The Spanish personal data protection agency (AEPD) has reminded intermediaries of the importance of adopting clear policies on personal data protection – Proceeding No.: PS/00403/2018

In 2019, the Spanish Data Protection Agency (AEPD) published its approach to GDPR and the consequences for insurance intermediaries. The approach, favourable to the intermediary involved in the case in question, should encourage distributors of insurance to be particularly careful in the procedures they put in place for the protection of customers’ personal data in order to reduce their professional liability exposure.


The background to this claim was an invitation or “friend request” that a representative of an insurance agency sent to a customer’s daughter on the social media, Facebook. The daughter explained that she had answered a phone call that the insurance agency had made to her mother, who had taken out a life insurance policy, now offering her a home insurance policy. The daughter requested that the details for the proposed policy be first sent to her and she would pass it on to her mother. After receiving a second telephone call advising that the insurance proposal had been accepted by the insurer, the insured’s daughter was invited to go to to the intermediary’s office and met the agent in question in passing. A few days later, she received an invitation via Facebook and recognised the agent from his photos. She then approached the Spanish Personal Data Protection Agency – the AEPD – to find out how her data had been used.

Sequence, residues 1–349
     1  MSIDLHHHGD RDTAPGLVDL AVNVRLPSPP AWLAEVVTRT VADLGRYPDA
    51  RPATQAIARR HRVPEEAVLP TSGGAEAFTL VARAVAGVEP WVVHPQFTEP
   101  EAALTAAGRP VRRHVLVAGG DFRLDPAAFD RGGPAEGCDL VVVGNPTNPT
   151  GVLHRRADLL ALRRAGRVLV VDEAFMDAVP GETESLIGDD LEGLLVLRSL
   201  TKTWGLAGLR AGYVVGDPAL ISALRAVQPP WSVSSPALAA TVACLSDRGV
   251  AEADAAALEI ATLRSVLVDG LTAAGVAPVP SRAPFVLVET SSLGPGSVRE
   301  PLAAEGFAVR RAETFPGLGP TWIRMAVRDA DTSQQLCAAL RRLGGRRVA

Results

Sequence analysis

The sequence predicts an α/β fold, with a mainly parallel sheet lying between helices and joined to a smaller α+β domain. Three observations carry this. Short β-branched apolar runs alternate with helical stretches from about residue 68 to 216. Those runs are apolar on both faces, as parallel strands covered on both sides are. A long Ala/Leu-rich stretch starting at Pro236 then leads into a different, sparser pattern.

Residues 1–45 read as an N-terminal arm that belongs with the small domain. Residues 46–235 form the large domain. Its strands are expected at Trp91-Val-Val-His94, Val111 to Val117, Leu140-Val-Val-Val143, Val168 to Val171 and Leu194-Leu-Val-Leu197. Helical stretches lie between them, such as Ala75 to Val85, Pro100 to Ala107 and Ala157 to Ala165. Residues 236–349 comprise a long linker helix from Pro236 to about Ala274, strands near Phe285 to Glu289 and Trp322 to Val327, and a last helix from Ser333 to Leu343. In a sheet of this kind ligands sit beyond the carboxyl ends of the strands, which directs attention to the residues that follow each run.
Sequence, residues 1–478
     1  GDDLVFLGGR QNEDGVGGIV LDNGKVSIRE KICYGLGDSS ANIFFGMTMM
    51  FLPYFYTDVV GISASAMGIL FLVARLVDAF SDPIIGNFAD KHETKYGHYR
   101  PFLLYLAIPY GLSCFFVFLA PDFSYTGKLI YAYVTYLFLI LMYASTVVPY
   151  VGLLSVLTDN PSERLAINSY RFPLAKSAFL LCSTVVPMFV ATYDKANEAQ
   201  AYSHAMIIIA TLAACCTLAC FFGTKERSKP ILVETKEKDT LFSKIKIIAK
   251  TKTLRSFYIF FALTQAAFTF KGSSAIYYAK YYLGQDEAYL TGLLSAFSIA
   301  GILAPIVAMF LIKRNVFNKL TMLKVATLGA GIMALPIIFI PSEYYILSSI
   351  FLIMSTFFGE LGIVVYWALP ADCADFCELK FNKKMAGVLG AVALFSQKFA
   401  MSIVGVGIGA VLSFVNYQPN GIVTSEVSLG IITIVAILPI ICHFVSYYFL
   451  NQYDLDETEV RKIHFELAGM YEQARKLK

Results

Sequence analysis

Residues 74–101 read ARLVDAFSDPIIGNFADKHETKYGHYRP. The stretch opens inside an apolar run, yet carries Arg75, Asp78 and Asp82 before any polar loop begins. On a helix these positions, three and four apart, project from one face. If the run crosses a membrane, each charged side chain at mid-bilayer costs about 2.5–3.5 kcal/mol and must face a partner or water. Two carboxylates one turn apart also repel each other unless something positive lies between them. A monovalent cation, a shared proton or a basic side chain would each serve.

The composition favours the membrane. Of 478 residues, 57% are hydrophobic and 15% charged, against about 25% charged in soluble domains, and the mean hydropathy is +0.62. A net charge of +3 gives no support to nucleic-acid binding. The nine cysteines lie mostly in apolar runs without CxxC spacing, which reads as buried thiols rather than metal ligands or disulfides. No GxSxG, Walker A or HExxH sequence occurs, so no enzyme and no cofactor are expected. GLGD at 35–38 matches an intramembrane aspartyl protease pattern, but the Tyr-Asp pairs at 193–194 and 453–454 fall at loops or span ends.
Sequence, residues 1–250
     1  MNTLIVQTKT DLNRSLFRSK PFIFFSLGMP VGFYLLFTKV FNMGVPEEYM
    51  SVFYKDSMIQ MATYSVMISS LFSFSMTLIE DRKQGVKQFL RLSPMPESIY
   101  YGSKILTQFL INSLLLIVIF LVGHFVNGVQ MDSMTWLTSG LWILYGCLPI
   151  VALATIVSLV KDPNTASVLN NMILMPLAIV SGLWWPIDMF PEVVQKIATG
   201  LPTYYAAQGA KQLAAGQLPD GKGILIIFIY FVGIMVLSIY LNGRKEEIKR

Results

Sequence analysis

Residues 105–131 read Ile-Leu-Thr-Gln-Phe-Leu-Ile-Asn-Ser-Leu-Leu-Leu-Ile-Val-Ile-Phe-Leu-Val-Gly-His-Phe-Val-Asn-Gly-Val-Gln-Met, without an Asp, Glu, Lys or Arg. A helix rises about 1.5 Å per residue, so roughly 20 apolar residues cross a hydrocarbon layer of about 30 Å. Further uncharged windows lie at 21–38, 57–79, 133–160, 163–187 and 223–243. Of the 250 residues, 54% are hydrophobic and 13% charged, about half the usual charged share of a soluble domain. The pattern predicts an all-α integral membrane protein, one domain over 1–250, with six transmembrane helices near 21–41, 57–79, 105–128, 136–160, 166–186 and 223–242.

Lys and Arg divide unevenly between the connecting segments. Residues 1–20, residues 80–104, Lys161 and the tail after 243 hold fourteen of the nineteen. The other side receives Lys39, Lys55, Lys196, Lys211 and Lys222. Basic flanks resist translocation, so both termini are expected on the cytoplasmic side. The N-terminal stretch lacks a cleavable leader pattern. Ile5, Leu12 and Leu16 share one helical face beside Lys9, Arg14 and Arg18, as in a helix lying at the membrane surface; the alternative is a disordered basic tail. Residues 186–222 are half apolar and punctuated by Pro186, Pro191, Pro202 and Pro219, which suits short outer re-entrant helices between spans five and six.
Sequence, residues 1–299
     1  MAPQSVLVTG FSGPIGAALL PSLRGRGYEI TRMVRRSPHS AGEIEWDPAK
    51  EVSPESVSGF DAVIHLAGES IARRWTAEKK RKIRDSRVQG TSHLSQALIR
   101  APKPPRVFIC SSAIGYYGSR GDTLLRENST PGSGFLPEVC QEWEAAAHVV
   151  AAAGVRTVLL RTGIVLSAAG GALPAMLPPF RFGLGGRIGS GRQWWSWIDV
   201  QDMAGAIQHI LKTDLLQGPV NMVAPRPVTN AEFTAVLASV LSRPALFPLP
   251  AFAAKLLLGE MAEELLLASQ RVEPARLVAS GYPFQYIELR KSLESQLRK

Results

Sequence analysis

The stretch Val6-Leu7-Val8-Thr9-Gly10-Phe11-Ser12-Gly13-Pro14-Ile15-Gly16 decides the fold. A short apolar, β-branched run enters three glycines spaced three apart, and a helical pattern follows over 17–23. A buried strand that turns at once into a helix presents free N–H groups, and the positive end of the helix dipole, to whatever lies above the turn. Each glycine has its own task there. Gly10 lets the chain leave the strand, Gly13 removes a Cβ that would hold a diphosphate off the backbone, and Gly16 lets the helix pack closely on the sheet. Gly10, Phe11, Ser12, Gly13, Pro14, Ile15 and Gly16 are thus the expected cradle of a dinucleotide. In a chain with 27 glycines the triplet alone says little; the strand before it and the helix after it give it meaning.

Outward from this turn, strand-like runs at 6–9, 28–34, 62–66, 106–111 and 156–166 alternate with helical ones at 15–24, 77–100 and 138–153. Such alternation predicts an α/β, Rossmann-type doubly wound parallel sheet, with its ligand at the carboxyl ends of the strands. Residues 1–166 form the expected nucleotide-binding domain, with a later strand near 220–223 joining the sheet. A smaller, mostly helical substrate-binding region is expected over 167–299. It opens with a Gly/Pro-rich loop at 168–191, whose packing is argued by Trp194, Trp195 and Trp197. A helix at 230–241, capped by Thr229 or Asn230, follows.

The AEPD did not find the intermediary liable in this case because it had taken care to specify in the contracts with its agents their obligations under GDPR. The AEPD $ that the insurance agency had acted diligently and taken sufficient measures to ensure that its agents – who had access to the data collected or held in its records – were aware of the rules governing data protection and the obligations they imposed.

CGPA comments

This decision underlines the importance for insurance intermediaries to put into place a full set of procedures for data protection that clearly describe the role and obligations of their agent(s). It was because the intermediary had put in place such a clear set of procedures that he was not held liable in this case, in which the AEPD found that the agent had sent his invitation in a strictly personal capacity.